Congress gave final approval on Sept. 17 to legislation that will bring more Americans under the umbrella of “disabled” under the Americans with Disabilities Act (ADA). President Bush said he’d sign the bill.
The bill reverses several court rulings from recent years that had limited the scope of ADA protections. It directs U.S. courts to apply a broader definition when deciding what truly qualifies as an ADA-covered disability.
The biggest change: The bill makes clear that courts (and employers) should not take into consideration any “mitigating measures” that lessen the impact of an impairment—such as medication, hearing aids or other assistive technology—in determining who is “disabled” under the ADA.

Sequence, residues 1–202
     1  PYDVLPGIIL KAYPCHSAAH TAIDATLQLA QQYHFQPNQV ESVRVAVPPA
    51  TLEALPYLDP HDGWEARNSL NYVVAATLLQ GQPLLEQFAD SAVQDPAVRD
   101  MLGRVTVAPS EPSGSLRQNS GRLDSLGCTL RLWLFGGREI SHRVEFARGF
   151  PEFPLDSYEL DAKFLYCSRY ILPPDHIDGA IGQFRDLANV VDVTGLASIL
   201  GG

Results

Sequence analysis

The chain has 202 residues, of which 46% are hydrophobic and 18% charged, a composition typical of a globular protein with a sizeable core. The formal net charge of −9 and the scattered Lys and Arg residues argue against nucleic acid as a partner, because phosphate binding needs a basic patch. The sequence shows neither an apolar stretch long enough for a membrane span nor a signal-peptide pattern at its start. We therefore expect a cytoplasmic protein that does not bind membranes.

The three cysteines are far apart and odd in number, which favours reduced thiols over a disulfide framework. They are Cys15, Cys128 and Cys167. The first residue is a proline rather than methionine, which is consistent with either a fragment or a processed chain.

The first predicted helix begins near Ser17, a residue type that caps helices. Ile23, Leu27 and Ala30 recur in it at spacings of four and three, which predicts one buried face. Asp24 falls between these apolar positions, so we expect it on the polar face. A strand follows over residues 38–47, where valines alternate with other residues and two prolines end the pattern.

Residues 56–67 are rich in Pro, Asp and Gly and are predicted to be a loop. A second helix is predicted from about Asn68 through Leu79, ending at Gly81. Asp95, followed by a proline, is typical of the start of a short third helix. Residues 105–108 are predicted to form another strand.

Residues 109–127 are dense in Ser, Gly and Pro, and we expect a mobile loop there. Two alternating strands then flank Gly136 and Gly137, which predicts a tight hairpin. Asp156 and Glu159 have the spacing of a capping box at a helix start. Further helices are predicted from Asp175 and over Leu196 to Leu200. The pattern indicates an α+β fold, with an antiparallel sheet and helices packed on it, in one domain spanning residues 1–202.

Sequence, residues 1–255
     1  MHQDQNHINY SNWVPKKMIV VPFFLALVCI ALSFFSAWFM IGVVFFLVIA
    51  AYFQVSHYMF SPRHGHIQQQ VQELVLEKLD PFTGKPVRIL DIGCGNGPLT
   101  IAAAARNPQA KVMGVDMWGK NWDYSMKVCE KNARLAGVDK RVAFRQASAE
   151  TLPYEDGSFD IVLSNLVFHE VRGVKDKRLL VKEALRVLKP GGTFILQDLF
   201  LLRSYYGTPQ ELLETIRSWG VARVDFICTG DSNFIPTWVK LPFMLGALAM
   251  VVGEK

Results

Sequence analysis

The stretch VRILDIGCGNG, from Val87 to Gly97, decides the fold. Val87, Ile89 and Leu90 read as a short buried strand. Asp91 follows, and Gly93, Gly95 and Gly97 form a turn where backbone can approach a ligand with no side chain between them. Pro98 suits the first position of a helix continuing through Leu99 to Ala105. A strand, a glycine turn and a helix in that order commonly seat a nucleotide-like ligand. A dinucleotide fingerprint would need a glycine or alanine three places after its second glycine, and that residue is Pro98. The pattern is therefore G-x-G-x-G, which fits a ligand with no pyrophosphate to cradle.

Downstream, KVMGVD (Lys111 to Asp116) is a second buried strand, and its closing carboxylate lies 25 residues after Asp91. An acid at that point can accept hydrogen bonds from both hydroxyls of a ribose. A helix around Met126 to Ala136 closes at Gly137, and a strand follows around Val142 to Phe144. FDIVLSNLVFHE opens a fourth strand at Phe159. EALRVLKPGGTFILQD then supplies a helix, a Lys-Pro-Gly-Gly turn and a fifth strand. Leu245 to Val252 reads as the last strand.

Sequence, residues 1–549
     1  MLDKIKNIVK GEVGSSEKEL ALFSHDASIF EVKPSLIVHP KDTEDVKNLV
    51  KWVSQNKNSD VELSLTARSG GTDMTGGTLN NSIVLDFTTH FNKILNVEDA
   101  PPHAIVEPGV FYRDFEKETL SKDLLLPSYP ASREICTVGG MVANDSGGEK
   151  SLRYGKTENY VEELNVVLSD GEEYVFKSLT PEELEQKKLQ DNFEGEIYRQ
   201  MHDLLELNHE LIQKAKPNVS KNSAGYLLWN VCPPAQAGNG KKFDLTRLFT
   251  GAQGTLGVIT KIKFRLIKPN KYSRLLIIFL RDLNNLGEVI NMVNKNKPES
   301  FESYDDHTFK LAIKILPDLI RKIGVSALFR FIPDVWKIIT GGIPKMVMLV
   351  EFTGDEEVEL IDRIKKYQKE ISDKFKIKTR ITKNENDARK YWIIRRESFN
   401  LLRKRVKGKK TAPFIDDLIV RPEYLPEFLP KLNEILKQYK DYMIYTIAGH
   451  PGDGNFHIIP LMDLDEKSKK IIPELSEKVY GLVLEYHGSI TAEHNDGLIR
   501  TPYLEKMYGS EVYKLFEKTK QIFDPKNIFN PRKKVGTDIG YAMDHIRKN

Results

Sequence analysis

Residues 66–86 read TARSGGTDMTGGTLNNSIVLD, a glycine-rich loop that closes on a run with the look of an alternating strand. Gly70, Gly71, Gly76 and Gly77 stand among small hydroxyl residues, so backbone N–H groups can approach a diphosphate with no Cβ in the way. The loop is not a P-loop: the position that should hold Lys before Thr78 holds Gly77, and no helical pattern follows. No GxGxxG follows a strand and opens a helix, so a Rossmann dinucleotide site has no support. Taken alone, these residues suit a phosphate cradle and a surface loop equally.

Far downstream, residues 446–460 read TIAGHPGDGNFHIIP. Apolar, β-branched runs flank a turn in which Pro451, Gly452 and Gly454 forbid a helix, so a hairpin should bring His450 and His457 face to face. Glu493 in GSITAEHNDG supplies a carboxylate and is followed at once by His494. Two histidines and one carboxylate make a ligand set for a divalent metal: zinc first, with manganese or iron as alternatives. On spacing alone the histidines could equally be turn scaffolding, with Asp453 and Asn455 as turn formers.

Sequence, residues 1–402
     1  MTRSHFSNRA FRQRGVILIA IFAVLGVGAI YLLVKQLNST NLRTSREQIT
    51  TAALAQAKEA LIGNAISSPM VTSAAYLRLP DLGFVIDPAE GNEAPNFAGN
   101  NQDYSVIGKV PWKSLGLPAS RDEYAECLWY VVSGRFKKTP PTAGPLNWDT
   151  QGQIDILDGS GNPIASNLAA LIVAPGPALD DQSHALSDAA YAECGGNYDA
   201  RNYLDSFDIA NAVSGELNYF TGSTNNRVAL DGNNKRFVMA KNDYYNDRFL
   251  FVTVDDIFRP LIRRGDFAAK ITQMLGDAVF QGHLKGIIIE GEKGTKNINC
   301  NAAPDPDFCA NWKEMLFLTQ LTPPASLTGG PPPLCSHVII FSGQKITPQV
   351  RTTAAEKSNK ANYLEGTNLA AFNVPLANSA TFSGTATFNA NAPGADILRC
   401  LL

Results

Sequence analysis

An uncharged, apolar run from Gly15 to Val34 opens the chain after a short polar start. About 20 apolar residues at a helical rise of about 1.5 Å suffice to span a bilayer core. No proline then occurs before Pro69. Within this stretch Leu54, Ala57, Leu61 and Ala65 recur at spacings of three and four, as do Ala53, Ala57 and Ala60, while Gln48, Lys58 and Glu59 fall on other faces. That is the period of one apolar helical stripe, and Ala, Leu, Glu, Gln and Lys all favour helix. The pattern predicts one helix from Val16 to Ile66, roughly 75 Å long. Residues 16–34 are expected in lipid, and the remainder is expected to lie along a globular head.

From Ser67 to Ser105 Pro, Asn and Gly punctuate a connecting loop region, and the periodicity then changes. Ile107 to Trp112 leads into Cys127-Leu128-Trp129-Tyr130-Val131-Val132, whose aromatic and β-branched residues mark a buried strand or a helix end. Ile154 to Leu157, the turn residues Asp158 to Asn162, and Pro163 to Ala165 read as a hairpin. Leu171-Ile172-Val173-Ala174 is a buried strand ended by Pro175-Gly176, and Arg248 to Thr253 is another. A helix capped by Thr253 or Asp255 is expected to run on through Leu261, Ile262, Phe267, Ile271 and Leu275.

The bill passed by wide margins because several business groups, including the Society for Human Resource , supported the compromise.
- How to Fire an Employee the Legal Way: 6 Termination Guidelines
- 10 Secrets to an Effective Performance Review
- Don't worry a somewhat negative performance review will cost you a lawsuit
- Even the best sexual harassment policy is useless without supervisor vigilance
- For 1 out of 5, getting a new job is goal for 2014
- California Fair Employment and Housing Act